In addition to his natural physical abilities, Hellboy carries a variety of items in his utility belt that can be used against various supernatural forces. He has been known to carry holy relics such as bones from Saints, horseshoes, various herbs, and demolition tools like grenades. He commonly carries an oversized pistol referred to as the Good Samaritan. The gun uses specialized bullets, typically of his own design, incorporating silver, garlic and even holy water making them effective against demonic or supernatural foes. The Samaritan is fashioned from melted church bells and contains fragments of the True Cross. By his own admission, however, Hellboy is a lousy shot and prefers to tackle opponents hand to hand.
Hellboy’s right hand, referred to as the “Right Hand of Doom”, consists of a large forearm and hand that seems to be made from red stone. The Hand is dexterous enough to catch a fly, but its large size causes Hellboy to prefer his normal-sized left hand to operate weapons and devices. The Hand is effectively invulnerable and feels no pain, serving much like a sledgehammer when used to punch an enemy.
As revealed in the graphic novel collection Strange Places, the Right Hand of Doom was formerly the right hand of one of the “greater spirits” that watched over the burgeoning Earth, and the hand the spirit used to create the dragon Ogdru Jahad. With that same hand, he bound the dragon, but then his fellow spirits turned upon him for his deeds, and destroyed him utterly – save for his right hand, which was kept and preserved by many races throughout history, including the first race of man. As the hand which created and bound the Ogdru Jahad, it is also the key which will “loose and command” them; in other words, it is a catalyst that will bring about Armageddon. The comic books themselves never mention how the Right Hand of Doom would actually perform these tasks; it is only ever announced that this is the case and that someone or something intends to do it with or without Hellboy’s consent. It is made clear that it is not even necessary for the arm to be attached to Hellboy at all, even on its own it would perform its tasks. However, it has been suggested that if Hellboy dies while the Hand is attached to him, it would become useless. He has thus come to the conclusion that the only way to prevent it falling into the wrong hands is to keep and protect it.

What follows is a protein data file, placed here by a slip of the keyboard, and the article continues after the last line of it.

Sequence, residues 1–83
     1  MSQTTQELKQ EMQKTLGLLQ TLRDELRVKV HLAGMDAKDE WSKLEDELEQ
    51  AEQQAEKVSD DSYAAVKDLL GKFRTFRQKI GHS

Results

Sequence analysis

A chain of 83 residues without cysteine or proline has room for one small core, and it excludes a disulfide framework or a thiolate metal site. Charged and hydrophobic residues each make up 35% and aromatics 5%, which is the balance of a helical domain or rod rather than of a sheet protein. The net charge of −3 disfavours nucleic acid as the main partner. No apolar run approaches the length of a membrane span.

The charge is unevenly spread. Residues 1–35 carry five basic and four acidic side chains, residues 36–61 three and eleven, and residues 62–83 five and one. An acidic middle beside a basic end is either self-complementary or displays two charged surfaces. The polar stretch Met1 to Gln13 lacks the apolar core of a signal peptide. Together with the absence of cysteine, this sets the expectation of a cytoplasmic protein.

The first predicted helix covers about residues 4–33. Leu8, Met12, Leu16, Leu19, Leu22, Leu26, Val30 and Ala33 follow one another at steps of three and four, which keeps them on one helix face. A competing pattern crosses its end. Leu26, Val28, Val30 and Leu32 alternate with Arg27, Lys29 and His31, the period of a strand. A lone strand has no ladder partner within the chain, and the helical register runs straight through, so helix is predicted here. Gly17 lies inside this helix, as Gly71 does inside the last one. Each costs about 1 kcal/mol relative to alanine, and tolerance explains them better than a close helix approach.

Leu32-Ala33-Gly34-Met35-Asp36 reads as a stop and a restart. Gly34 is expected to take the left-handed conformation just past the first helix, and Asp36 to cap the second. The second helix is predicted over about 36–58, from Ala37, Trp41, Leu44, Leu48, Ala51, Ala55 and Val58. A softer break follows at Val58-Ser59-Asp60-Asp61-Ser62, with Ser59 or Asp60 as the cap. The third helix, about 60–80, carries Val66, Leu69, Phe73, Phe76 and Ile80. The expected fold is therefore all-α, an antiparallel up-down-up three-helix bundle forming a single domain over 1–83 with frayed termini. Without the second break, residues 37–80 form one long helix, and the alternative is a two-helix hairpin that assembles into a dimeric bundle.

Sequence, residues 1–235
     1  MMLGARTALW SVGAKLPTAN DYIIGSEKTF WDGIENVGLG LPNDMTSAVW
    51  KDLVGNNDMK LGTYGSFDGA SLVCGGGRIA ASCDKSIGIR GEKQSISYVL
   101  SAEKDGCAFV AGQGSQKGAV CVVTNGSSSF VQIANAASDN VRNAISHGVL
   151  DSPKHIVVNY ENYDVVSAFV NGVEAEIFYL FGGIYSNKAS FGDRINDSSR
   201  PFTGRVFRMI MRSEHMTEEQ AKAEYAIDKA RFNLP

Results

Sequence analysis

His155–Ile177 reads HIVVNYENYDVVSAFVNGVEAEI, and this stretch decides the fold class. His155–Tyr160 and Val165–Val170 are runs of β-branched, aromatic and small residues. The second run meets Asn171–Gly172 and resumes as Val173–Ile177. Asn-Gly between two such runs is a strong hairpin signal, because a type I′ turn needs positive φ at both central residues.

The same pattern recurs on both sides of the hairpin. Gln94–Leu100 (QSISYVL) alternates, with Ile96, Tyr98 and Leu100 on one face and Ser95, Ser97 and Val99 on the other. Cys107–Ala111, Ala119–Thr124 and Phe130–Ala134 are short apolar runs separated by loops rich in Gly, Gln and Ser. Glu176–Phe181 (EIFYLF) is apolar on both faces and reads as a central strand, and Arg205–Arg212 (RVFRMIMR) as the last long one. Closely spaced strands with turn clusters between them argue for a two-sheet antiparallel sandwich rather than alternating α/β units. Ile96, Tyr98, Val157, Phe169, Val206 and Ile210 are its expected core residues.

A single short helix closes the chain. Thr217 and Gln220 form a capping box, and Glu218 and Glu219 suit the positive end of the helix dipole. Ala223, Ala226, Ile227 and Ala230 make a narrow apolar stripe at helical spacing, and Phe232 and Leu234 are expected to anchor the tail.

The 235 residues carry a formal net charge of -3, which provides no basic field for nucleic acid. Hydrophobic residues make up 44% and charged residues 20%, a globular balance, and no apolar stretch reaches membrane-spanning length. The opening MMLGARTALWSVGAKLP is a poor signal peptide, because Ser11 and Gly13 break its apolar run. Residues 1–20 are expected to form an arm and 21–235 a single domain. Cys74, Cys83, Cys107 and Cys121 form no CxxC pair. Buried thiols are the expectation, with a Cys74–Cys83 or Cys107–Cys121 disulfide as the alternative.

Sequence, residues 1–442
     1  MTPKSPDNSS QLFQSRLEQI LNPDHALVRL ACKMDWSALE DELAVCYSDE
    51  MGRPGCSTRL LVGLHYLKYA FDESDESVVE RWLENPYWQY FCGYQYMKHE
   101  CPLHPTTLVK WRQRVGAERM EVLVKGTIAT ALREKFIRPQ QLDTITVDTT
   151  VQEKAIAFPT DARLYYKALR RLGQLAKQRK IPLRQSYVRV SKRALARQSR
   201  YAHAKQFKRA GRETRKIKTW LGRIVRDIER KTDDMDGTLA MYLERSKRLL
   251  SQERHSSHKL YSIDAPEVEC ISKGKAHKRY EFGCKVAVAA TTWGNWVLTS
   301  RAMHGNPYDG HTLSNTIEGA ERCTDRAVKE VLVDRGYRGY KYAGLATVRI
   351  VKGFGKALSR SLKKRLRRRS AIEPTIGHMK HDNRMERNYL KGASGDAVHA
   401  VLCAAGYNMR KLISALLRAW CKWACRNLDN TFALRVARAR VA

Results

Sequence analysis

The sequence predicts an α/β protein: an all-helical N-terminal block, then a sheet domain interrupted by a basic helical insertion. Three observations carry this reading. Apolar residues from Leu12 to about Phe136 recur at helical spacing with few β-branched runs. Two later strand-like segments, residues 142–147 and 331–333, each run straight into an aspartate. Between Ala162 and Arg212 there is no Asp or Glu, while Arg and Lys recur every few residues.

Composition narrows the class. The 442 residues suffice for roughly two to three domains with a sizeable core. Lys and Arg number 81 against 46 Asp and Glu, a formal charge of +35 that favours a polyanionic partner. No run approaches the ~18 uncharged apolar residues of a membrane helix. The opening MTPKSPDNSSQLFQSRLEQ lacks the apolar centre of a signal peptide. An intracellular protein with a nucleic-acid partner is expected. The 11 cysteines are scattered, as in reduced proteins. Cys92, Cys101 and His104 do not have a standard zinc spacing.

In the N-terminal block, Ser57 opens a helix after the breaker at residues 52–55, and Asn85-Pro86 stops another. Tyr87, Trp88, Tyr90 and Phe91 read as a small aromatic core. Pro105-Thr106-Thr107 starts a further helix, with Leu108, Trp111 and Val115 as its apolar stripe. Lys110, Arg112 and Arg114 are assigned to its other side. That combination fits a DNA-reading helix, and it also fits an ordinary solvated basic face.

In Seed of Destruction, Hellboy is confronted by Grigori Rasputin and begins to find out what he is doing on Earth and who summoned him there. His purpose will be to command the powers that Rasputin is about to unleash upon the world. Hellboy denies this version of his destiny and refuses to be controlled. Attempting to release the Ogdru Jahad, Rasputin is killed, harpooned through the chest by Abe Sapien under the control of the ghost of Elihu Cavendish.
In Wake the Devil, Hellboy meets the goddess Hecate. Addressed as “Anung un Rama”, he is told that his arrival on Earth signals its end. At the climax of the story, Hellboy is swallowed by Hecate in the form of an iron maiden and some kind of otherworldly conflict ensues, in which he is told that his right hand is a key to open the pit. Again Hellboy refuses, this time breaking off his newly re-grown horns.
In Box Full of Evil (collected in the The Right Hand of Doom TPB.), Igor Bromhead gains power over a demon, Ualac, by using that demon’s name. Hellboy is also bound by his name, “Anung un Rama”, and the Crown of the Apocalypse, which he wears but is invisible to him, is taken. In taking the crown, Ualac is changed into a much more powerful demon. Hellboy finds out that “Anung un Rama” is a literal translation of “…and upon his brow is set a crown of fire…” – and as Ualac has seized the crown, this is no longer who he is. As this is no longer his name, he is no longer bound, and thus able to defeat Ualac. The crown is kept for Hellboy by Astaroth, in Pandemonium, the capital city of Hell; and a seat is reserved for the former in the House of the Fly.